Tuesday, March 31, 2020
I’ve seen some folks online express frustration recently by using statements like:
I am so over Howard County.
Or, was it:
I just can’t even with Howard County.
But one comment I spotted, left as a review of a local nonprofit, takes the cake:
They do nothing to help the real housewives of HoCo.
That’s when my whole train of thought went off the rails. Who are the real housewives of HoCo?
True Confession: I have never watched even one moment of any of the “Real Housewives” shows. I didn’t watch Desperate Housewives either. Perhaps I don’t like the term “Housewife”. I know I cringe when people call the dramatic play area in a classroom “Housekeeping.” (Maybe that’s just me.)
Here is your question of the day, dear readers. Who are the real housewives of HoCo? What qualifies them to be “real” and what constitutes a legitimate “housewife”? The HoCo part is pretty straightforward.
If ”housewife” means not having gainful employment outside the home, I wonder how many of those we have these days. And, of those, do we think any would fit some archetypal “Real Housewives of HoCo” mold?
There are many ways to be a housewife, even if there aren’t as many of them as there used to be. You could be married but unable to work due to a disability. You could have young children, need work, but your earning potential wouldn’t cover the cost of childcare. Everyone’s picture does not look the same.
Clearly I have way too much time on my hands right now. But I wonder if it’s a mistake to try to define who is real and who isn’t.
Monday, March 30, 2020
I’d like to take a moment today to address the role of schools during our pandemic quarantine. There’s a story here, but not the one most people are talking about. So let’s have a little exposition.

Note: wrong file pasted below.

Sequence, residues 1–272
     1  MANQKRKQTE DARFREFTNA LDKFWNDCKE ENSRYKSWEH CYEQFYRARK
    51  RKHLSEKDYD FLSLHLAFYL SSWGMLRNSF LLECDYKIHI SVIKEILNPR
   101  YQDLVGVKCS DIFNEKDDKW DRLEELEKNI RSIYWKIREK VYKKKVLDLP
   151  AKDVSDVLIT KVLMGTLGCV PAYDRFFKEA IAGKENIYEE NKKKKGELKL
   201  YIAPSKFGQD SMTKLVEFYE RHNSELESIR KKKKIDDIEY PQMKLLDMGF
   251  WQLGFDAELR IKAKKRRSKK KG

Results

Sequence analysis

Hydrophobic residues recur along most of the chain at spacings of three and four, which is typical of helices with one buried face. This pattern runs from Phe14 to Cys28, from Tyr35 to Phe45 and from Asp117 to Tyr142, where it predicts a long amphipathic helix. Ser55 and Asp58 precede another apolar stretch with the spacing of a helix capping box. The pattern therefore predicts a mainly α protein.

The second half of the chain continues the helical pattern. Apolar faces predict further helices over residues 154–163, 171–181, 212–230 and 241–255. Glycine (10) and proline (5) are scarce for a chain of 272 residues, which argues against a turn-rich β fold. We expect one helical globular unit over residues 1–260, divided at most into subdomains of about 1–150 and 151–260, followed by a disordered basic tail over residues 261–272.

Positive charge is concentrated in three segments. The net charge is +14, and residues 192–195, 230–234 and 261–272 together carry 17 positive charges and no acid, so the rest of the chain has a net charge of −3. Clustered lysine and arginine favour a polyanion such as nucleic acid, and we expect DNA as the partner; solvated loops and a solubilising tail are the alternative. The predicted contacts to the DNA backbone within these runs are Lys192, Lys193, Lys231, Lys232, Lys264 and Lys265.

Here are some ways that schools have been asked through the years to respond to changing needs and expectations:
In response to: Schools provide:
Despite increasing expectations, our schools continue to work to establish community, nurture relationships, create learning experiences that can connect from grade to grade. I don’t think that most people in our community truly understand how much has been required of them. I would ask parents to look at the list above and tell me when schools would have had the time and resources to prepare a program for distance learning that works for all students regardless of family circumstances and educational ability.
I keep reading posts online from angry parents saying, “they should have been ready.” I look at what they are already doing and say, “How?”
Schools have always risen to the challenges that we have put to them. The list above gives you multiple examples. And they are working right now to respond to the present crisis. They are just like us, working hard to do the best they can in an unprecedented situation. Here is a heartfelt statement from a school principal in Minnesota:
I worry that this may come across to some as begrudging the additional work that is done for the care of children. It truly is not. It is asking the community to look plainly at the additional roles that schools have taken on because our society expected them to. Because there appeared to be no other choice. Because no one else stood up.